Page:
Medicaid Eligibility Changes Have Texas Parents Scrambling to Regain Coverage
Texas has Medicaid programs that help parents or guardians care at home for children who would otherwise be eligible for nursing facility care, but recently the requirements for children to qualify for some programs have changed.
Earlier this year, I met Claire Milam who was in an appeals process to reverse a decision that made her son, Julio Solis Milam, 12, ineligible for a Medicaid program that helps her take care of him at their home.
"Julio does have trisomy 21, he does take daily medications," Milam says. Julio had been qualifying for what’s called the Medically Dependent Children’s Program, or MDCP, since he was 7, but in 2013, he became ineligible.
"It was very concerning because the waitlist for the intellectual disability waivers are very, very long," Milam says. "He’s still several thousand people down on those lists."
Taking care of Julio, who also has sleep apnea, is expensive, she adds. Milam takes him to specialists and therapists and pays for medication and medical equipment.
"These are children who are assessed to have such a severe disability that they would be accepted for care in a nursing home, immediately," says Dennis Borel, executive director of the Coalition of Texans with Disabilities. "But their families don’t want to put them in nursing homes."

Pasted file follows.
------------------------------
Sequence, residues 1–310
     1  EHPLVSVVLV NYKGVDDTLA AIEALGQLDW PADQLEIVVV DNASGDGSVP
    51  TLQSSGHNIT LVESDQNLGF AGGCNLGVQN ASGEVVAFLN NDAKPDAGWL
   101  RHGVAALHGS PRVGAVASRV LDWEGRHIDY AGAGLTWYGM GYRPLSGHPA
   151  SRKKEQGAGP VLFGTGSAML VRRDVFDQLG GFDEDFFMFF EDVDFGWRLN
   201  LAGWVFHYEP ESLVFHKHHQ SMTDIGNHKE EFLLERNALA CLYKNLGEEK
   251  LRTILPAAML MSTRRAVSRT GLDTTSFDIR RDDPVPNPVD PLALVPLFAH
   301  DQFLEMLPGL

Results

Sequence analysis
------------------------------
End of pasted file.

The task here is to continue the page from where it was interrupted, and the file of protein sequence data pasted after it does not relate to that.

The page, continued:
As of July 2014, the Medically Dependent Children’s Program had more than 27,000 people on the waiting list.
For dependents to get on the program, they go through an assessment process with a nurse.
"Some of the questions on the assessment are like a snapshot of that time," says Melissa Gale, a spokesperson for the Texas Department of Aging and Disability Services.
"These assessments are done once a year, so during the course of the year, a child’s condition may improve," Gale says. "Maybe they don’t have the medical necessity they once had."
That means even children with permanent disabilities, like Down syndrome, don't necessarily qualify for MDCP.
"There are many children with intellectual developmental disabilities like Down syndrome who apply for the program, but if they don’t have the medical necessity they won’t qualify," Gale adds.
The state agrees that the questions asked during the assessment don’t always paint the whole picture, Gale says, so a parent like Milam can appeal that decision. In the meantime, the department is trying to fix those gaps in the assessment.
"The assessment has its limitations, and that is what we’re trying to work on because the assessment that we have today is very much geared towards adults," Gale says. In 2013, the department began working with the Texas Health and Human Services Commission to make the assessment geared more toward children.
On Dec. 1, Claire Milam’s son, Julio, qualified for a different waiver program – Home and Community-Based Services, or HCS, and that means the appeal has been withdrawn for MDCP.
Parents who need guidance on how to seek services for their children can call 211 to get the Department of Aging and Disability Services office they need to speak with, or visit the department's website.